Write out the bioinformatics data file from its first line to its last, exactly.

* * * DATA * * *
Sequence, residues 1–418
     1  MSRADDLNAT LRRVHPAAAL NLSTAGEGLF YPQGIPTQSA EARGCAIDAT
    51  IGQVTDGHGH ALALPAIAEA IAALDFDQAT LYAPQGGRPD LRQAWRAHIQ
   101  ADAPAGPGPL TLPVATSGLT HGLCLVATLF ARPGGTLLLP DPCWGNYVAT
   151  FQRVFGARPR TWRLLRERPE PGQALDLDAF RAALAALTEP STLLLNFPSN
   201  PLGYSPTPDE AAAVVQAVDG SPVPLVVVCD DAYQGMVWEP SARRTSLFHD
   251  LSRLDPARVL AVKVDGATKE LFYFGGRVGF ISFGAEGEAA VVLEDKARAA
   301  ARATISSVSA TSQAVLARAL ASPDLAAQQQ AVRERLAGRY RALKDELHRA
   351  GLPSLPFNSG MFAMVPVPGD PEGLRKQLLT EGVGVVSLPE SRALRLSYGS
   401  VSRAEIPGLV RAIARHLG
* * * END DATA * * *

Sequence, residues 1–418
     1  MSRADDLNAT LRRVHPAAAL NLSTAGEGLF YPQGIPTQSA EARGCAIDAT
    51  IGQVTDGHGH ALALPAIAEA IAALDFDQAT LYAPQGGRPD LRQAWRAHIQ
   101  ADAPAGPGPL TLPVATSGLT HGLCLVATLF ARPGGTLLLP DPCWGNYVAT
   151  FQRVFGARPR TWRLLRERPE PGQALDLDAF RAALAALTEP STLLLNFPSN
   201  PLGYSPTPDE AAAVVQAVDG SPVPLVVVCD DAYQGMVWEP SARRTSLFHD
   251  LSRLDPARVL AVKVDGATKE LFYFGGRVGF ISFGAEGEAA VVLEDKARAA
   301  ARATISSVSA TSQAVLARAL ASPDLAAQQQ AVRERLAGRY RALKDELHRA
   351  GLPSLPFNSG MFAMVPVPGD PEGLRKQLLT EGVGVVSLPE SRALRLSYGS
   401  VSRAEIPGLV RAIARHLG